I have always had a strong fondness for the Divers as a group of birds. Elegant shapes, beautiful summer plumage and of course that haunting atmospheric call of the 'Loon'. The soundtrack of every US film which features a lake. Having said that my photography of them has been somewhat limited to the Great Northern Diver on a couple of occasions in the winter. This is one of the primary reasons why I am heading to Iceland in a little over a month's time now where I hope to encounter both Great Northern and Red Throated Divers in their glorious summer plumage. Its been booked a long time now and so is an exciting prospect that is rapidly drawing close.

I always keep an eye on bird watching reports and back in mid-February, a Red Throated Diver started to be reported on Fairhaven Lake near Blackpool. Some photographs started to appear of what seemed to be and was being reported as a very approachable bird. As I am quite crowd adverse, with these long staying birds, I tend to leave it a while before visiting and the early rush of interest has died down. This strategy obviously runs the risk of these 'popular' photography birds disappearing but on occasions has had the benefit of it being just me and the bird. To me that is my favourite situation, far from the maddening crowds.

So I headed up to Fairhaven for an afternoon session when the weather looked like it would be reasonable. The formerly accommodating bird now seemed to be taking a bit of an exception to people no doubt having been chased all around the lake over the proceeding weeks by scores of visiting photographers. So it was quite happy to spend the majority of its time drifting around and occasionally fishing in the middle of this sizable lake. There were a few other photographers present, one who I found particularly annoying.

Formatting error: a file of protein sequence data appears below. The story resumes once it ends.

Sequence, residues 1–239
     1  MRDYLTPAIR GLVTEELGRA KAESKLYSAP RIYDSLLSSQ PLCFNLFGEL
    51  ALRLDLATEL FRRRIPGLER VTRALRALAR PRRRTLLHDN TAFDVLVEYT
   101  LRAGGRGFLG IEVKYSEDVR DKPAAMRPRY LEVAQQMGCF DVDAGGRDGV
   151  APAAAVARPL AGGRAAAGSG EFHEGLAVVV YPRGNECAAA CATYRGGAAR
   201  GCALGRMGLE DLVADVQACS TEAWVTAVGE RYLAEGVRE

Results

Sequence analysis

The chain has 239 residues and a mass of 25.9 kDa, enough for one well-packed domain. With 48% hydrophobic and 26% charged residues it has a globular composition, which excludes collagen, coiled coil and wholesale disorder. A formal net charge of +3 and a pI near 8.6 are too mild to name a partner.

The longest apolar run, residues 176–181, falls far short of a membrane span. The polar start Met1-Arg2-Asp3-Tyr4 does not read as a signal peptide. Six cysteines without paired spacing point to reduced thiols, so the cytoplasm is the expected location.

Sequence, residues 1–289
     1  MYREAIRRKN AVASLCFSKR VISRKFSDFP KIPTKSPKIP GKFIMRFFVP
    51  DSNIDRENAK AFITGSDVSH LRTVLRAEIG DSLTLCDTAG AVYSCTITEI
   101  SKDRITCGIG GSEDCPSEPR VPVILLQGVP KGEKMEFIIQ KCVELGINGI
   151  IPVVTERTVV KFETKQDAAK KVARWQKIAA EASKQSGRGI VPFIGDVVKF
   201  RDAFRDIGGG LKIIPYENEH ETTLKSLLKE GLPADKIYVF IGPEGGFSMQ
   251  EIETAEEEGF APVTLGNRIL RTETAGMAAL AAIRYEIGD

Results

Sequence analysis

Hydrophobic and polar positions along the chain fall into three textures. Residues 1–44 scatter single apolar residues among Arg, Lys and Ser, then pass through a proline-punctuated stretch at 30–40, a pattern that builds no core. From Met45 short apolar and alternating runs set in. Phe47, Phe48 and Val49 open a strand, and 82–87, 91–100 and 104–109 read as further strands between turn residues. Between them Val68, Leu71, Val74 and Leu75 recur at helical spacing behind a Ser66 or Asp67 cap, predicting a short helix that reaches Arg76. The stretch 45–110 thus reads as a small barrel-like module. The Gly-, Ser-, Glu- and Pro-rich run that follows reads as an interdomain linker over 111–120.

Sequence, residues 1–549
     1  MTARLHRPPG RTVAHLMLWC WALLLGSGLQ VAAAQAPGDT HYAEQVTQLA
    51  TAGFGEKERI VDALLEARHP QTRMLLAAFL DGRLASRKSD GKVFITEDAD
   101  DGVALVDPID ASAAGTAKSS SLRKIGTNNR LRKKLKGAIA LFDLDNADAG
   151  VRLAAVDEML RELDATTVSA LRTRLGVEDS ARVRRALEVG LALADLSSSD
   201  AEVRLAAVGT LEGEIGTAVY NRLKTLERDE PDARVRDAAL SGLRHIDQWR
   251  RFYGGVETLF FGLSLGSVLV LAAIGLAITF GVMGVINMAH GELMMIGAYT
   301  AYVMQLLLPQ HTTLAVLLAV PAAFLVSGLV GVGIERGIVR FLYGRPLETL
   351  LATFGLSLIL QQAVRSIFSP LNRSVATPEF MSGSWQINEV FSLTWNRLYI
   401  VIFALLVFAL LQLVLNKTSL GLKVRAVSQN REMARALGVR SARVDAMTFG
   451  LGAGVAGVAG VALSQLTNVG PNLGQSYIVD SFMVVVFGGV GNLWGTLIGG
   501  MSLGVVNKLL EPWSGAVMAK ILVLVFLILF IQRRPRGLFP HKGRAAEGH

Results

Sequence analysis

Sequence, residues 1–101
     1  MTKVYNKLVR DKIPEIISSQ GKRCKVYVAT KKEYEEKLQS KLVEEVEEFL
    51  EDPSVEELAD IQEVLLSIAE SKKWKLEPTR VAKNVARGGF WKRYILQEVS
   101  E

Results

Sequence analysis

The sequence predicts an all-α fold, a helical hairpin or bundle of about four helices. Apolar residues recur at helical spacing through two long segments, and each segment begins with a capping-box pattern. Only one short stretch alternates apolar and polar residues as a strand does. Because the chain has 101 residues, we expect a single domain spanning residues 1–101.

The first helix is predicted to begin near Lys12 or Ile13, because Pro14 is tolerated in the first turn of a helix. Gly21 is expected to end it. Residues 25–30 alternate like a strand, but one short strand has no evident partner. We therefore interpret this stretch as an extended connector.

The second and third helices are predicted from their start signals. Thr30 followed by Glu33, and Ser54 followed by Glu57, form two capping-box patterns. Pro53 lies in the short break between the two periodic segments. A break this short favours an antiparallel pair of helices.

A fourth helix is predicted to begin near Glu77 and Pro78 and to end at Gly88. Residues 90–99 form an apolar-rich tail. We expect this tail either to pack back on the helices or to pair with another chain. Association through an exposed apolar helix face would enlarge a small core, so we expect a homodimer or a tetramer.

It was a cold day with a strong icy wind blowing of the sea and I was lying down by the side of the lake waiting for the bird to occasionally drift in close. The car park was a short distance away up a slope. This 'photographer' insisted in sitting in his car and every time the bird started drifting close in to the bank, came running from his car down the slope and jumped down by the side of the lake resulting in the bird doing a rapid u-turn and heading back away. This would see him scuttling off back to the warmth of his car. Fortunately he left after about an hour. Its this kind of stupid behaviour which is primarily not fair to the bird and inconsiderate to other photographers which is why I have become crowd adverse.

The weather didn't quite turn out as forecast and the sun on arrival quickly disappeared behind overcast skies turning the water from dark to pale grey. However, this is an attractive bird even under the flat light and in its winter plumage with some beautiful patterning across the back of the wing feathers.
A bit of early afternoon bathing

The session was about 4.5 hours long with most of the time spent watching a distance bird but occasionally interrupted with brief flurries of photo taking as it drifted close. When moving to get a better position on the bird I always did it whilst under the water and tried to anticipate where it might surface. This is not easy as they can spend a long time submerged and travel a surprisingly large distance. On one occasion it dived under and surface right in front of me so all I could fit in frame was its head. I like it when they do that :)

Just before I was about to leave the bird made its way into the northern corner of the lake and right up into a narrow channel where the banksides created some nicely coloured darker water.

A great place to finish the session and return to my car to thaw out. This was a useful session as it gave me a little insight in to how these birds behave which hopefully will be of some help when I get to Iceland.